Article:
We wind up the Kings Highway from the Dead Sea to ancient Moab.
(No this is not a biblical tale! This is R and I, on our way to check out one of the largest crusader castles in Jordan :-))
As we crest a promontory, we spot the redoubt, straddling a strategic position atop a windswept ridge.
The crusades that started in 1095 to wrest control of the holy lands from the Selcuk Turks, led to the building of a string of fortifications along the Levant, a region bordering the Mediterranean, roughly between Egypt and Turkey, and including Syria, Israel and Jordan. A rugged landscape, bearing traces of some of the world’s oldest civilizations, that has been fought over for centuries.
The fortifications are supposed to have stretched from one end of the Levant to the other. Each in line of sight with the next, in order to be able to give the ‘all clear’ by means of beacons, from Aqaba on the Red sea, all the way to Jerusalem!
The Castle of Kerak, referred to by the crusaders as ‘Le Pierre du Desert’ or ‘Stone of the desert‘, is one of the finest of its type in existence (second only to the Crac des Chevaliers in Syria). But much of the modern town, Al Karak, known in biblical times as Moab, has encroached upon the castle walls and is mostly built with stones cannibalised from the castle.
Built by Paganus, a butler of king Fulk of Jerusalem to protect the southern border from invading Moslem armies, Kerak, originally named ‘Crac des Moabites’, controlled the caravan routes between Damascus and Egypt. (For a fascinating insight into the connections between the descendants of the original crusaders, click here and here! Fulk was also the paternal grandfather of King Henry II of England!)
Kerak withstood several attacks by Saladin’s Ayubbid forces, until it finally succumbed after a protracted siege in 1193, dispersing the crusaders once and for all from the holy lands.
Like all such castles this too is rife with legends. Of the barbaric Lord of Oultrejordain, Reynald de Chatillon, who among his many misdeeds, was infamous for the brutal practice of flinging his hostages from the castle walls. “What’s new?” you ask. This evil man pushed his victims over the edge with their heads encased in wooden cages, to ensure their death was not instantaneous!!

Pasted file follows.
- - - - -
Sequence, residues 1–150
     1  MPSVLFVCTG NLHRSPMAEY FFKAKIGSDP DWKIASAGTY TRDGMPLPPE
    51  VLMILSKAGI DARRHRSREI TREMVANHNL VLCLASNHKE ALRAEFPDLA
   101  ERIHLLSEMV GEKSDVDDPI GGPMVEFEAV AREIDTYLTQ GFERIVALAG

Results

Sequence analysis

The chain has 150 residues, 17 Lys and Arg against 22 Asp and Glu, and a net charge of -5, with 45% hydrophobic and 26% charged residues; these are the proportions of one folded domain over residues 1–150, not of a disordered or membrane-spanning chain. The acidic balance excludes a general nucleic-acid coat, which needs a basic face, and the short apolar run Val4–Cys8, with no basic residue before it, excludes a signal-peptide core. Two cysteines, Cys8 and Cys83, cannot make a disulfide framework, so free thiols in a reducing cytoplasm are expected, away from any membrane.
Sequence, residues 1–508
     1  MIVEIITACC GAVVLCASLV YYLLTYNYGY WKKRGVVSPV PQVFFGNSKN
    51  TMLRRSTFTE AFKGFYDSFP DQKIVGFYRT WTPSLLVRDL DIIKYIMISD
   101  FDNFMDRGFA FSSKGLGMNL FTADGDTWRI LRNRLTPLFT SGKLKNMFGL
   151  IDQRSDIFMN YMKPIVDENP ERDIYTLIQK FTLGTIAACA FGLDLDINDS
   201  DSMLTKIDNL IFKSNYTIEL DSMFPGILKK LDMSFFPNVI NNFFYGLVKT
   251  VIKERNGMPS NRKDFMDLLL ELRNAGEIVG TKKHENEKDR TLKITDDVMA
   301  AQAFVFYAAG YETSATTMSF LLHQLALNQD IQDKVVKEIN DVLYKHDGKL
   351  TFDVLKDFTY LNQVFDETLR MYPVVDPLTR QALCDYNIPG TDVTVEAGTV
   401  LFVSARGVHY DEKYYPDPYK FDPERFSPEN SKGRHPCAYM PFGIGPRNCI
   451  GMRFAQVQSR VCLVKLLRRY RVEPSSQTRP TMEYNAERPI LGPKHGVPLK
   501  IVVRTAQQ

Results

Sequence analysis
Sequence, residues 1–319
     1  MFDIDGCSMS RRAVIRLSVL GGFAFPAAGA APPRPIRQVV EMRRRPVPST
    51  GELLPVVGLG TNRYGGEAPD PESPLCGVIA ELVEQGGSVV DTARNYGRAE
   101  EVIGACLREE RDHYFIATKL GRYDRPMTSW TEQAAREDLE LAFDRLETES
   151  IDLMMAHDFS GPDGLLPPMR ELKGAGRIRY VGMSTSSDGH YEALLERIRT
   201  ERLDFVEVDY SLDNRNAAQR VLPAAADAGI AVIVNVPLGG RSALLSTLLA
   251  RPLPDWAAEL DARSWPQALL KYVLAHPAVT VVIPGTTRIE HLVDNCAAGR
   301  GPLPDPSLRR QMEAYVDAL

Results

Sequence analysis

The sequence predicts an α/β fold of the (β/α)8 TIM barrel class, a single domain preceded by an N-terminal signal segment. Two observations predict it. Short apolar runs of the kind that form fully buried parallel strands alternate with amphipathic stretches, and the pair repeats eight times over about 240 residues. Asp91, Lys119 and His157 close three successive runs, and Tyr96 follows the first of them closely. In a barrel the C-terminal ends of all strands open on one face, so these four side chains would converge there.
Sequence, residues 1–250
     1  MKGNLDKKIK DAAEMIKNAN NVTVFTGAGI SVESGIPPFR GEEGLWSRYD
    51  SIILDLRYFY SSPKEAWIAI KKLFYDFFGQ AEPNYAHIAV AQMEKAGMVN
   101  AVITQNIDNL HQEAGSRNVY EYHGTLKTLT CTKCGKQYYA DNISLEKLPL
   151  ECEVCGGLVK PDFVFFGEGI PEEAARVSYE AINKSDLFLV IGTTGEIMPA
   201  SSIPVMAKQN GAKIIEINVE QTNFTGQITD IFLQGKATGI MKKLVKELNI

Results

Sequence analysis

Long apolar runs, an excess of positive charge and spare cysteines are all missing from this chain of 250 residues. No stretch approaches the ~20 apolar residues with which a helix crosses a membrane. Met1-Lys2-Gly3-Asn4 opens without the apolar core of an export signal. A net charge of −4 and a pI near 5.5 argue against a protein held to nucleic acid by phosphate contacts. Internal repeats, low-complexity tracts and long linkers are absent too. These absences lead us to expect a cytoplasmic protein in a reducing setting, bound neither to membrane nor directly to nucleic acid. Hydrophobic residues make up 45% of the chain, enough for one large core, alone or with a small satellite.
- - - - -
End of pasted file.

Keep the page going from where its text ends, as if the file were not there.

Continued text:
And of the chivalry of Saladin the Muslim chieftan, and king of Egypt and Syria, in sparing Reynald’s newly wed son and daughter in law, along with other members of his family, while personally executing Reynald in a manner far more humane than he deserved.
As the mist closes in on the hills beyond Al Karak, it is easy to lose yourself in the legends of the conflict between the sword and the scimitar.
The weapons have changed…..the conflict sadly, is unamenable.
More from Jordan:
A Rose Red City Half As Old As Time
Tracing The Footsteps Of Bedouins
Stepping On Masterpieces
80 thoughts on “The Stone Of The Desert”
Amazing photos. It is sad that it is still a land of conflict.
It is, although Jordan has managed to stay out of much of it. Thanks Judy.
Wonderful place to visit, and your photos are stunning once again, Madhu. That brutal Lord was a terribly cruel man. 😦
Thank you AD. Reynald sounds like the ultimate sadist 🙂
I now find no words to describe your posts Madhu – the pictures are stunning as always and the narrative simply superb!
Appreciate your saying so Shaantz 🙂 Thank you!
I am inspired by your speed of churning posts. Almost one a day…. keep enlightening. Love.
Thank you Sreeni! Just three to four a week 🙂
Stunning photography Madhu I love all of it 🙂
Thank you Jake 🙂
Wonderful photos as usual. The conflict need not be unamenable. Most people are sick of war and killing.